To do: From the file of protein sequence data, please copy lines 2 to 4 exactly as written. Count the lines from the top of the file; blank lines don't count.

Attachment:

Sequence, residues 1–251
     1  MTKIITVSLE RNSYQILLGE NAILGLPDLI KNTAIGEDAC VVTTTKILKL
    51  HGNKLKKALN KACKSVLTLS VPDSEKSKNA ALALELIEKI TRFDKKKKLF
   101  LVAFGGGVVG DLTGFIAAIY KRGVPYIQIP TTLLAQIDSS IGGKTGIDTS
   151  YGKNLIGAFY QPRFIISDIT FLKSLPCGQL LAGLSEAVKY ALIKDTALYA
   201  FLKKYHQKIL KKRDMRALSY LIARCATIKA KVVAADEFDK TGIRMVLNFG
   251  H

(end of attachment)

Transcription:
     1  MTKIITVSLE RNSYQILLGE NAILGLPDLI KNTAIGEDAC VVTTTKILKL
    51  HGNKLKKALN KACKSVLTLS VPDSEKSKNA ALALELIEKI TRFDKKKKLF
   101  LVAFGGGVVG DLTGFIAAIY KRGVPYIQIP TTLLAQIDSS IGGKTGIDTS